When trying to understand the business, and the business needs, it is the responsibility of the business analyst to make the business think about what they want and, when necessary, pull the information out of them. Quite often, the business does NOT always know what they want or need, what is truly involved, or completely thought the whole issue through. They may know that there is a gap but they need help identifying where and what exactly is needed.
The number one thing to do is ask questions. I’ve found that the key questions to ask are Who, What, Where, When, How, and Why. When preparing for your first meeting with the business, I have found it best to look to clarify each of these questions as completely as possible. You may not ask each of these questions in the order that I have them and you may (will) go back and forth between these questions time and time again.
To help put things into perspective, the questions below are questions I would ask if a group said they needed to gather some specific information.
- Who? It’s important to understand who the key stakeholders are and who the users are. Who has the information you need? Who will use the information gathered?
- What? What does the business do on a regular basis? What does the business want to accomplish with the information? What are the timelines? What is done with the information?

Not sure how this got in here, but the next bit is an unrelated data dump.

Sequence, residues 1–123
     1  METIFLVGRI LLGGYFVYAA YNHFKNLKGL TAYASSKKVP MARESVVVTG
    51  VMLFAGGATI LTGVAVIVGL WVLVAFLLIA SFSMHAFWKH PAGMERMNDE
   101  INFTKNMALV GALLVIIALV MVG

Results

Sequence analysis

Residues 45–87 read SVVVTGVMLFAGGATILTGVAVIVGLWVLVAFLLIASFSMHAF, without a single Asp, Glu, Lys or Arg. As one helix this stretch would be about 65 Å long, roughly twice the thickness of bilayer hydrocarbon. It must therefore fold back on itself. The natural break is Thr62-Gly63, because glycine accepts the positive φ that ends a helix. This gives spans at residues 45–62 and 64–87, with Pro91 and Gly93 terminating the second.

- Where? Where does the information need to go? Where is the need for the information? Where is the project going to take place?
- When? When does the project need to be completed? When does the information need to be received? Is there a specific time each day? Each week?
- How? How does the group need to receive the information? How will the information be handled? How will the information be protected if it has private information?
- Why? This question is the kicker. This is the question that makes a great business analyst. It is the annoying question, especially when you ask it multiple times. But it is the question that helps you find the root of the problem or need. It helps you understand what is really going on. The question “Why?” makes everyone think. It gets you past the “well, that’s how we’ve always done it” answer. As you start asking the Why question, people start asking “do we need this step?” “is there something missing?” “can we do it better?”
These are the fundamental questions any good business analyst needs to be willing to ask. The willingness to ask these questions makes the difference between a great BA and a mediocre BA.